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Cases

‘THE (Cuban) embargo.’ 

Rockwell Kent &.Walter Briehl vs. John Foster Dulles, June 16, 1958.

The Court upheld the citizen’s right to travel when it held, ‘The right to travel is a part of the liberty of which a citizen can’t be deprived without due process of the law under the 5 th Amendment.’


Zemel vs. Rusk, May 3, 1963.

The Court refused to order the State Department to not validate a passport for travel to Cuba. However, in 1978, Congress remedied Zemel vs. Rusk by legislating that there should be ‘ no geographic limitation(s) for passports except in time of war or other danger to the traveler.’


U.S. vs. Lamb, January 10, 1967.

The Court upheld a Federal District Court’s decision on May 5, 1978 that legalized travel to Cuba for U.S. citizens… as long as they followed ‘Treasury Department Regulations regarding the exchange of money.’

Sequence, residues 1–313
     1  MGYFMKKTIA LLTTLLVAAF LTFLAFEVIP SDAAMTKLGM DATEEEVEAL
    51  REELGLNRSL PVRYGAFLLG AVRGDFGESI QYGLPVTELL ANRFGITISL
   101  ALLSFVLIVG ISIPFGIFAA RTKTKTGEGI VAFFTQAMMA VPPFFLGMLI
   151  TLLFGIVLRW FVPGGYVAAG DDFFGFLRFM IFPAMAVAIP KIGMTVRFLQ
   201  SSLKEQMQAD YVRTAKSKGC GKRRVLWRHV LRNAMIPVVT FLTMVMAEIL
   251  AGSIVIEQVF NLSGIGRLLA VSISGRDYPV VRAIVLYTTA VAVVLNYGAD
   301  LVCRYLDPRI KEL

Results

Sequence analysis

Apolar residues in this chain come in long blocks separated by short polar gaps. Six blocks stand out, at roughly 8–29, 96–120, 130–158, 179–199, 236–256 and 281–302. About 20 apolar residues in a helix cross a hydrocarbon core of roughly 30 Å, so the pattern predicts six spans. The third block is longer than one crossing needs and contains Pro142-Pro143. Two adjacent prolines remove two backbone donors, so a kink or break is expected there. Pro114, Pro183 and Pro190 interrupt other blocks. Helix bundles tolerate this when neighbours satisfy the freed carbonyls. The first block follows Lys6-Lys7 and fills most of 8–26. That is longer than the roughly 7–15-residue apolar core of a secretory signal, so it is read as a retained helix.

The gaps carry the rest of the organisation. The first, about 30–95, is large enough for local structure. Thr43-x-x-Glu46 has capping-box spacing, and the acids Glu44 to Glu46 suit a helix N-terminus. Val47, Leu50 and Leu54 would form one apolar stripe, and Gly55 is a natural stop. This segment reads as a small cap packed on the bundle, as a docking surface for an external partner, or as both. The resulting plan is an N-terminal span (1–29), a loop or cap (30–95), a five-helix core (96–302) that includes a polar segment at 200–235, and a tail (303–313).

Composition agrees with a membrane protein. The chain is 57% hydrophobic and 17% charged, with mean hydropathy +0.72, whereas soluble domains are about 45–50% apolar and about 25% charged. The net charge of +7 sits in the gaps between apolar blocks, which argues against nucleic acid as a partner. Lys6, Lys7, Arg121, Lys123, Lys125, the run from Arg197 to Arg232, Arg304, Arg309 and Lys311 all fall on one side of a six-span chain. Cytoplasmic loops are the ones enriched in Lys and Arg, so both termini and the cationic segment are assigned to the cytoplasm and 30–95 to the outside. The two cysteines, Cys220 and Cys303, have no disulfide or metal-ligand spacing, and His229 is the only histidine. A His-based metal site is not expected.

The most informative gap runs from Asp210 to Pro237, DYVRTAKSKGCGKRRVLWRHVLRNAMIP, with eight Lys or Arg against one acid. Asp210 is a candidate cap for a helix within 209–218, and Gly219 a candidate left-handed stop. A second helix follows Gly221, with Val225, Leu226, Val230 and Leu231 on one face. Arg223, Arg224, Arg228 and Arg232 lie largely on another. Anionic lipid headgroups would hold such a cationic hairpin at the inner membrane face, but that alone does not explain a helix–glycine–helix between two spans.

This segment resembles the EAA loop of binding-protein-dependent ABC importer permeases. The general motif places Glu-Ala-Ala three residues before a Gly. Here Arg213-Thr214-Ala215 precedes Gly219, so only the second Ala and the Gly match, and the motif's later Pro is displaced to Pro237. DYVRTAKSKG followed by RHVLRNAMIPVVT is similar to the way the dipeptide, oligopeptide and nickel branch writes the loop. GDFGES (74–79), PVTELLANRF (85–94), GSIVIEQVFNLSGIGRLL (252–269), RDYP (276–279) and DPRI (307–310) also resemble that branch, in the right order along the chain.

Regan vs. Wald, May 16, 1983.

The First U.S. Circuit Court of Appeals in Boston unanimously ruled U.S. restrictions on travel to Cuba invalid. They ordered the District Judge to issue a preliminary injunction against the government regarding the Cuban Regulations. However, on July 6, 1978, the Supreme Court granted the Reagan Administration’s request for a stay in Regan vs. Wald. All travel restrictions were left in effect until the entire court would decide whether to hear a full appeal. On June 28, 1984, in a 5 to 4 decision, The Court upheld the Treasury Department’s Regulations on Cuban travel. The opinion was based on grounds they were a part of ‘THE embargo’ rather than political control of the right to travel.